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ON THIS DAY: 13 September: 30 of the San Patricios who fought with Mexico were hanged in the U.S. 

In Mexico, they are famed in story and remembered and revered on St Patrick’s Day as a battalion of Irish soldiers who fought for faith and freedom. 

The plaque to their memory in the plaza of San Angel, in Mexico City, reads, “In Memory of the Heroic Battalion of St. Patrick – Martyrs Who Gave Their Lives in the Mexican Cause during the Unjust North American Invasion of 1847.”

Known as the San Patricios, the battalion was made up mostly of Irishmen led by John Reilly, who left the Union Army of the United States during that country’s invasion of Mexico because, he said, he was appalled at the terrible discrimination suffered by Irish Catholics in the U.S. Army, and the anti-Catholicism expressed during the actions of their campaign.

Back then, America was pursuing an aggressive expansion driven by the idea of Manifest Destiny, a belief that the U.S. should occupy all lands stretching west. This culminated in a war of aggression against Mexico as President James Polk approved the annexation of disputed territory between Texas and Mexico.

It was believed by many to be an unjust conflict. Then a young soldier, later President, Ulysses S. Grant wrote in his memoirs, “I do not think there ever was a more wicked war than that waged by the United States in Mexico. I thought so at the time, when I was a youngster, only I had not moral courage enough to resign.”

To enable the expansion and the war, the U.S. Army had recruited from the wave of new immigrants coming from Europe, including those driven from Ireland by poverty, dispossession and famine. Capt. John Patrick Riley was born in Galway, and after emigrating to Canada then travelled to the U.S where he joined the Army. However, he was shocked and disillusioned at what he saw as vicious bigotry amongst Army officers, primarily from an Anglo Protestant nativist culture which could be especially to Catholics.

Deserters said that Irish and other Catholic soldiers were flogged over minor infractions and the Army sometimes reneged on military payments. The Ancient Order of Hibernians write that Irish recruits were shocked to see that “churches were desecrated, religious processions disrupted and drunken soldiers, who raped, pillaged and burned Mexican villages and churches, were only sent home.”

Riley and others shared religion with the Mexicans and felt sympathy for the Mexican cause based on similarities between the situations in Mexico and Ireland. He deserted to the Mexicans and began to build a battalion mostly composed of Irishmen. By the summer of 1846, there were approximately 200 soldiers in the battalion, organised into two companies. Riley chose a flag of  green silk, with an image of St Patrick embroidered in silver on one side, and a harp and shamrock on the other.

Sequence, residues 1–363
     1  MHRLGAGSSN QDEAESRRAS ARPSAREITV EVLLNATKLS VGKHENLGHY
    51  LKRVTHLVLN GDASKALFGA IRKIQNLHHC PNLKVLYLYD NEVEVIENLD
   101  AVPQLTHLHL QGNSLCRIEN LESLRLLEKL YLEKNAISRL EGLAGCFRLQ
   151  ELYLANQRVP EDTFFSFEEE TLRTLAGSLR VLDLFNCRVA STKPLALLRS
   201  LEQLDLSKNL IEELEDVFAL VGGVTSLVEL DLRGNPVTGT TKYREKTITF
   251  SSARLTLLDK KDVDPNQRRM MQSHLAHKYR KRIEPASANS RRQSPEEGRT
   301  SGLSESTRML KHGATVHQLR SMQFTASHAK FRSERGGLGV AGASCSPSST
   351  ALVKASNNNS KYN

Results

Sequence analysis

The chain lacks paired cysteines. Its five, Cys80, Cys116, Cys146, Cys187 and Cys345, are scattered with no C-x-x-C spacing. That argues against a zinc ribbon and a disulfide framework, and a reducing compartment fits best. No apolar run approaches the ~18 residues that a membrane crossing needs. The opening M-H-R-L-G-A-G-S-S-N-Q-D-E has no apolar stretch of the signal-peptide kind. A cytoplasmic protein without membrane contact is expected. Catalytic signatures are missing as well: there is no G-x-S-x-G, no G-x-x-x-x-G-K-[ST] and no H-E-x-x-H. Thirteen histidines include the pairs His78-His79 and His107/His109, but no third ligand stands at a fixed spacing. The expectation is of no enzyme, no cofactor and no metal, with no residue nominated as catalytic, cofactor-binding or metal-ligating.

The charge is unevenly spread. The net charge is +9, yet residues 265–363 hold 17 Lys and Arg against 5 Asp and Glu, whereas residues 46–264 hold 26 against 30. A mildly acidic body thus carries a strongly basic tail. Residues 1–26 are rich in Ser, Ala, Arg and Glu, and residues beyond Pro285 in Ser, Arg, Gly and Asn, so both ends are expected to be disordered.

Under Riley’s command, the San Patricios became a respected artillery unit. They fought bravely at the Battle of Buena Vista – but it was at the Battle of Churubusco, on August 20th 1847, that the battalion acquired its legendary status in Mexico. Ordered to protect the retreating Mexican army, the San Patricios, holed up in a convent by the River Churubusco, bravely attempted to defend the road to Mexico City.

It was for naught however. In September, the US army took the Mexican capital, bringing the war to an end. The San Patricios who had not died at Churubusco were court-martialled as deserters. Two days after the execution at San Ángel, Colonel William Harney oversaw the hanging of another thirty San Patricios at El Castillo de Chapultepec.

Riley was spared because he had deserted before the war was declared, so as punishment he was tied to a post and flogged until he passed out. He was also branded with “D” for deserter on his cheeks. He returned to Mexico to serve out time in the Army.

The men have continued to be honored and revered as heroes in Mexico. The Batallón de San Patricio is memorialised on two separate days; 12 September, around the anniversary of the executions, and on 17th March, St Patrick’s Day.

Numerous schools, churches and other landmarks in Mexico take their name from the battalion, and they are remembered on the Wall of Honor in Mexico’s Chamber of Deputies.

Historian Tim Fanning says that The spiritual meaning behind this act of solidarity is perhaps best encapsulated by the artwork on the cover of San Patricio, the album released in 2010 by The Chieftains and Ry Cooder, in collaboration with various Mexican musicians, in honour of the Irish battalion. Framed within the borders of a cross, it is an image of the Virgin of Guadalupe, the potent symbol of Mexican Catholicism, cradling the Christ-like body of a red-haired soldier.

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